While employment is extremely low here in Colorado, I would argue that it’s around 20 percent for the most talented and unusual. We help about 40-60 job seekers monthly, and over half of them are unemployed stars who have an odd combination of skills that are hard to describe on a résumé. I have a pile of possible designers, CFOs, business intelligence gurus, CEOs, metric-driven-operations-people, COOs, sales leaders, and creative marketing executives for hire. They simply cannot find a job with you, and I don’t understand why.
I know many of you, and I’ve called some of you to meet these amazing individuals. But you can’t see how they would fit with your companies, so you pass them up. I know you’re not short-sighted, but I am also really confused why this equation isn’t adding up.
I love what the Boulder Chamber is doing right now to address this. If you haven’t been keeping up with the progressive work that it is doing, you should take a few minutes to read up on its “Boulder Together” planning. It takes into account all the struggles we are having in Boulder County to support the complexity of doing business here — affordable housing, transportation, and fulfilling the demanding need for skilled talent alongside Skillful.
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Here is the overarching message that we are trying to communicate: Quit focusing on the specific activities that someone has done on his or her résumé, or in former jobs, and focus on the skills you cannot train. For example, if you need a strong operations leader, stop focusing on whether a candidate has a successful track record of doing this exact work in your exact industry, and start focusing on whether the applicant has the skills and personality to do this job well. I think a good operations person is great with process, details, management, and has high vigor, and they love solving problems. That’s all you need. Re-think your recruiting and hiring model and you’ll find better people — although possibly unusual.
As you know, I’m passionate about helping bring out the best in everyone. I’ve devoted the better part of my life to this, and I am sure that I will spend the rest of my life helping end suffering at work. While I love what the Chamber is encouraging alongside Skillful, I suggest that the business leaders reading this really examine whether they are willing to put this into action. Given my pile of talented résumés, who would be great employees for many of you, I know these people exist. You’re losing out if you don’t think differently about your job requirements because hiring this unusual talent will require you to have unusual training programs: strong mentoring programs for the younger generations, returnships for the talent that’s been out of the market while being a care-taker and need to be “upskilled” into a new type of job they haven’t experienced recently, and apprenticeships for the employees who need more on-the-job training. These programs take some time and thought, but they deliver in big ways when implemented correctly.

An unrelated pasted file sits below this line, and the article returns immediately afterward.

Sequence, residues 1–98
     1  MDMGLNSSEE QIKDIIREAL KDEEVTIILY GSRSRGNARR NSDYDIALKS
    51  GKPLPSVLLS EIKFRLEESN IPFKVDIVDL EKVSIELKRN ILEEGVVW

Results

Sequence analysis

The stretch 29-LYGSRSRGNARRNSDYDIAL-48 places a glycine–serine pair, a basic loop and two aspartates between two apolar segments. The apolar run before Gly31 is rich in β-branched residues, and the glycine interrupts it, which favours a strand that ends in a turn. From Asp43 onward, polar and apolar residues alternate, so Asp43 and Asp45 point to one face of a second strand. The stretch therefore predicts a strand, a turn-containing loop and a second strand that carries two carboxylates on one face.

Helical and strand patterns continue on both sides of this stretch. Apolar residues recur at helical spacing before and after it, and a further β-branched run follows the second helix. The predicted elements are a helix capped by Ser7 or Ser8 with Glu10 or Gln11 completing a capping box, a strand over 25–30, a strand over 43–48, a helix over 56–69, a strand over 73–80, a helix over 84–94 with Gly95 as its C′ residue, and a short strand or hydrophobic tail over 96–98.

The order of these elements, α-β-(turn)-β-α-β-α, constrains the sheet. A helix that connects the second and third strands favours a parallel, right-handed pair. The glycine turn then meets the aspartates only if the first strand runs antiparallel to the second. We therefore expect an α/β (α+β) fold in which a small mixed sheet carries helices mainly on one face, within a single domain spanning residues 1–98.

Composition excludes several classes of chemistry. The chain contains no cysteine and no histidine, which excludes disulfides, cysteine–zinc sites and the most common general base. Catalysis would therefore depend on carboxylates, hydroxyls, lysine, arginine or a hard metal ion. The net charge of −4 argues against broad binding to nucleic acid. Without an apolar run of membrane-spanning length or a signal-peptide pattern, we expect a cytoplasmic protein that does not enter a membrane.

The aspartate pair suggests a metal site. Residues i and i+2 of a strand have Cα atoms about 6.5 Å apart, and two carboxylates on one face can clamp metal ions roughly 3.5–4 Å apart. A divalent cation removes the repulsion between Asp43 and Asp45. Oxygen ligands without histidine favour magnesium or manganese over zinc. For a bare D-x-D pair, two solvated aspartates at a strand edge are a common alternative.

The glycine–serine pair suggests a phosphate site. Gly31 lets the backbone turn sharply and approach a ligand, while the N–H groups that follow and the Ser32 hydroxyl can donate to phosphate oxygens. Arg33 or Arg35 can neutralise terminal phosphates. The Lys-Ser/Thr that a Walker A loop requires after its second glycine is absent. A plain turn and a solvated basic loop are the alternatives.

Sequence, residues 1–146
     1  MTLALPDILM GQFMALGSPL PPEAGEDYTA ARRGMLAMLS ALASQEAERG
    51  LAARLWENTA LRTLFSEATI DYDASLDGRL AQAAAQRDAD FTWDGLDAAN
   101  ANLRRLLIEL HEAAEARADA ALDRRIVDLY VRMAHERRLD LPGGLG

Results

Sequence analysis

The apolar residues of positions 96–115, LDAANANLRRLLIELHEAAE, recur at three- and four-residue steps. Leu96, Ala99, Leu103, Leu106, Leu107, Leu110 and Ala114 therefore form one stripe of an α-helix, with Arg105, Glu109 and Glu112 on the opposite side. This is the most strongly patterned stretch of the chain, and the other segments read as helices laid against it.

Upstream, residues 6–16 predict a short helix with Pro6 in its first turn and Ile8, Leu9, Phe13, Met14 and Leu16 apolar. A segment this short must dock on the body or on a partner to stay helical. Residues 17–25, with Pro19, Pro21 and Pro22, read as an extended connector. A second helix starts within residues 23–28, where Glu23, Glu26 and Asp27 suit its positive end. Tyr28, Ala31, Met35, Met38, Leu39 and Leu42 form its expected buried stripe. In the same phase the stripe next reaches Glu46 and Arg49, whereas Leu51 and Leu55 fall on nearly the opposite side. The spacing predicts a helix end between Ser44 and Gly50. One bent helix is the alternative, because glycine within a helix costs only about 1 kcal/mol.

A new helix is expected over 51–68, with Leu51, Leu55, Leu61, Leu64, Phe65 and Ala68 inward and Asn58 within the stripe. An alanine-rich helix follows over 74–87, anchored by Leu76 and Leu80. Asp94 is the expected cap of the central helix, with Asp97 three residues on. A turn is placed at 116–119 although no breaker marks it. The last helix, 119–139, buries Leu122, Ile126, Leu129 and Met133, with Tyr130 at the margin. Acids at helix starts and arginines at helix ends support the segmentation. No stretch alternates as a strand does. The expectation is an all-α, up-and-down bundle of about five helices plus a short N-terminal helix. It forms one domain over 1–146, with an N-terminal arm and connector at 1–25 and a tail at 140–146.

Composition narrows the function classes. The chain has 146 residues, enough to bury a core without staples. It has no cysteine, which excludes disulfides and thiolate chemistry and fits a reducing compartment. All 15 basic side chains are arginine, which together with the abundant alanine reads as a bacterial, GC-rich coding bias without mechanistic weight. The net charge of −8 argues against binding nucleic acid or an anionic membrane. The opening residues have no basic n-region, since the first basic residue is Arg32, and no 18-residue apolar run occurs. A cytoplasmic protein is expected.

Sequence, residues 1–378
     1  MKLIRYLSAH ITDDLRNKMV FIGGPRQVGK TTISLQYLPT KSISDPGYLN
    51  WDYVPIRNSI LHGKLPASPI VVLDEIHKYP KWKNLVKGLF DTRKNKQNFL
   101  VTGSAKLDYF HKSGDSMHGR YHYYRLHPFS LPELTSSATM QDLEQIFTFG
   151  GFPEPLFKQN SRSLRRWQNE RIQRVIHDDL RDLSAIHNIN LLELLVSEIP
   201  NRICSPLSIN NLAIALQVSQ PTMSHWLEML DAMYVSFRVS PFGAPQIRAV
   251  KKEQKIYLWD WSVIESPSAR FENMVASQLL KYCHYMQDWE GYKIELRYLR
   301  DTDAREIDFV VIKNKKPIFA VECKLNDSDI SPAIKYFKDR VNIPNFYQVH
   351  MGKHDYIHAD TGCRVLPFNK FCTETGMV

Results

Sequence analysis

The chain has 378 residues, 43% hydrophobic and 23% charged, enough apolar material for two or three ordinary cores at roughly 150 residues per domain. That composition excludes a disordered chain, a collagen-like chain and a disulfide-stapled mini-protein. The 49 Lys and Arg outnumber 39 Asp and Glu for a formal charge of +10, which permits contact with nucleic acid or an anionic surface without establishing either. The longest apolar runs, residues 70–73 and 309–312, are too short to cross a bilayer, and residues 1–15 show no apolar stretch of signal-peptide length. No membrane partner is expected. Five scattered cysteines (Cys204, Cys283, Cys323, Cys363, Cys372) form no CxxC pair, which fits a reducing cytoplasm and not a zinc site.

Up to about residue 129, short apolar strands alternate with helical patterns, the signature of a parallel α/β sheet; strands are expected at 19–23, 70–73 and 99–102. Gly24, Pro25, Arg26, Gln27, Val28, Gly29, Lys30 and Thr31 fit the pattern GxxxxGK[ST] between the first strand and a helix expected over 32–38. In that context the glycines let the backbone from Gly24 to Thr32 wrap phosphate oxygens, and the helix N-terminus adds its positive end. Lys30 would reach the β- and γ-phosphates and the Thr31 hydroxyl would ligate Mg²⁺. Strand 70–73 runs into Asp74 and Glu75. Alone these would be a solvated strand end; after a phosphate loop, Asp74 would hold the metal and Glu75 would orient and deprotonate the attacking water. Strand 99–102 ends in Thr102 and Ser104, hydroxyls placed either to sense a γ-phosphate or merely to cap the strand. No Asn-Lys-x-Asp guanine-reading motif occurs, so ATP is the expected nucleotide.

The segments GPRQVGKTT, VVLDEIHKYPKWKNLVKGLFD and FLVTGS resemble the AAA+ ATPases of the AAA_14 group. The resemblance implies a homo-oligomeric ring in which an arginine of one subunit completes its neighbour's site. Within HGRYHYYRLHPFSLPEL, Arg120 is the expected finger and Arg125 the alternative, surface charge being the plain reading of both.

In this new economy — sharing, artificial intelligence, augmented reality, gig — we are going to have to be more creative with our hiring practices and take more risks on people who have the right personality, a persona of grit and resilience, and a willingness to learn. We will have to carve out more of our budgets to train and onboard, but when we do this, I am positive that we will solve our hiring challenges.
Let’s do something radical together and follow what our community leaders see we need to do. I challenge you to hire someone who does not have the résumé but does have the personality to do one of your jobs. I challenge you to set up a mentorship, returnship, or apprenticeship program to bring workers like that into your company.
Kendra Prospero is the CEO and founder of Turning the Corner, a Boulder-based organization that does recruiting the way it should be done for job seekers and companies.